On the locker-room corkboard at my gym, a woman has been advertising customized nail polish, a product I didn’t realize could be made to order.
Want glitter for Christmas? No problem.
A certain shade of mauve to match that stunning mother-of-the bride dress? Coming right up.
I’m forever amazed at entrepreneurs’ inventiveness in making the shopping experience so personal.
Customization — of nail polish, sneakers, M&Ms, even news stories — is all the rage these days. A National Public Radio blog invited readers to enter their names in a window on the website. By doing so, “you are reading the story that you are co-writing — about yourself.” It’s a bit disingenuous, since the writing is already done and your name simply replaces certain pronouns, but I took the time to do it, didn’t I?
I’m not sure how I feel about customization. I like the idea that in a global marketplace that prizes uniformity, I can own a product like no other. Yet I’m skeptical. What am I giving up for this choice? Does it mean less privacy? A dizzying array of alternatives that will only serve to paralyze me?
As a journalist, I’m bombarded — and that word precisely describes the sensation — by emails and ads promising to show me how to target specific readers through a variety of social media. It sounds great, but in the end is just one more burdensome set of decisions.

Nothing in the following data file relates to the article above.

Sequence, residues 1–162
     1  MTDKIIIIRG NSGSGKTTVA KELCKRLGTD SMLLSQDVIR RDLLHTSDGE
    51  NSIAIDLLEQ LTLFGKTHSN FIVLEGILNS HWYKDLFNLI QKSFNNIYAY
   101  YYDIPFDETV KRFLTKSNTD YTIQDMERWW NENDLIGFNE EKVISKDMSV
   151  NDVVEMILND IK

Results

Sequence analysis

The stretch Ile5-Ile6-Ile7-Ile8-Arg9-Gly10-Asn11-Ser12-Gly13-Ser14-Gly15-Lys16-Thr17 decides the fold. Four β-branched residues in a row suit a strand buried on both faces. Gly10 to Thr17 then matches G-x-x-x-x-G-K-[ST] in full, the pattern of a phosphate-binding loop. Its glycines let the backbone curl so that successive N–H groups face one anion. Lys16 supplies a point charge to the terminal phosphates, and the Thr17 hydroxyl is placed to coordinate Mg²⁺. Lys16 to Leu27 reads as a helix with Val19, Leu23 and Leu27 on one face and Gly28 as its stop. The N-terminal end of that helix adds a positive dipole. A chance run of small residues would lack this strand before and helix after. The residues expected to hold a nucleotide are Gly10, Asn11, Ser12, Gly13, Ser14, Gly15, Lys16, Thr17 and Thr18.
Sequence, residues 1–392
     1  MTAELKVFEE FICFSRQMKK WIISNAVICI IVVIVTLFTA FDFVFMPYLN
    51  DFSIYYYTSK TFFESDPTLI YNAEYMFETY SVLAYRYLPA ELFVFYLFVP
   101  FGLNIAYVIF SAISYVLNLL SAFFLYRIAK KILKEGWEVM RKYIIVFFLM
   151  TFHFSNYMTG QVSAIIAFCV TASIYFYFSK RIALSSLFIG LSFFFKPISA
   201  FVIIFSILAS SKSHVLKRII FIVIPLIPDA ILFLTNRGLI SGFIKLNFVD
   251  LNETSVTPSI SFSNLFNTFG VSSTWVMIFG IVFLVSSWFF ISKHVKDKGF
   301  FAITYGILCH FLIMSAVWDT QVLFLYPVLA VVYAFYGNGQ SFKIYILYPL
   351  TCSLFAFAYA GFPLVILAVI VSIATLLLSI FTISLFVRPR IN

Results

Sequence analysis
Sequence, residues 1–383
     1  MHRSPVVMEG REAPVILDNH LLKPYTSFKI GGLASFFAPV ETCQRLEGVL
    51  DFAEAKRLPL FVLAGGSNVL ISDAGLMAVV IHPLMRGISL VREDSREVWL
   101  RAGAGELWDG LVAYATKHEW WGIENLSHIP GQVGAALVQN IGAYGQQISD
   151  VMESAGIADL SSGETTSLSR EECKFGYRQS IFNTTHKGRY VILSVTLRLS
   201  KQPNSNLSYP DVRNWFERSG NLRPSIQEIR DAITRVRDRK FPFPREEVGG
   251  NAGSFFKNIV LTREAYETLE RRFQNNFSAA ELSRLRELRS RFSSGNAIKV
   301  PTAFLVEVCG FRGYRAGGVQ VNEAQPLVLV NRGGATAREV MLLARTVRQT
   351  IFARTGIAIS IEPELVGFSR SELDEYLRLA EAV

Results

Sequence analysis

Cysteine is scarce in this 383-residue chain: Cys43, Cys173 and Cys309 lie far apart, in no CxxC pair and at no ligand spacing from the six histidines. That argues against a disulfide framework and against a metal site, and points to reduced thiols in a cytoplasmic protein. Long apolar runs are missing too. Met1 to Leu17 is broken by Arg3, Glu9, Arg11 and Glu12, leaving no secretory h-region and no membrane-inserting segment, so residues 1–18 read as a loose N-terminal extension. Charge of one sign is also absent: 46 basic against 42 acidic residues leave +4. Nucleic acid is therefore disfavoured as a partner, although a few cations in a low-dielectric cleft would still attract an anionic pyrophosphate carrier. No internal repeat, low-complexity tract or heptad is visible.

Beginning in the 18th century, the Industrial Revolution transformed how society manufactured things and, as a result, what we bought and how we bought it. The market went from handcrafted products to machine-made ones, from no two alike to all the same.
Today, in what some economists are calling the New Industrial Revolution, manufacturing is computer-driven, nimble and often noiseless. Those grimy shop floors have given way to robotics. And yet we are stepping back into the future. Technology has made mass customization possible.
Consider those fan-favorite M&Ms. If I open the bag next to my keyboard, I’ll find the usual colors with an “M” printed in white on them. But if I visit the company’s website, I can customize the candy for any celebration.
Same with Barbies. The Barbie Styled by Me will cost you more, but you’ll avoid the embarrassment of little Suzy bringing the same doll everyone owns to her friend’s sleepover.
Individualization is catching on with athletic shoes, too, and high-end purses and coats, even soda. Last month, Marriott announced it’s exploring ways in which guests can choose the wall colors of the Residence Inn rooms they stay in.
At some point in my life, all these options might have sounded like fun. Now, not so much. I’ve begun to rid myself of gadgets I rarely use and clothes I never wear. Fewer choices — less fuss, fewer complications — often make me happier.
I can’t envision myself caring about the colors of my hotel room. Or the stripes on my Nikes. Or the color of M&Ms at Christmas. The Barbie …well, that’s a different matter.
Follow Ana on Twitter @AnaVeciana.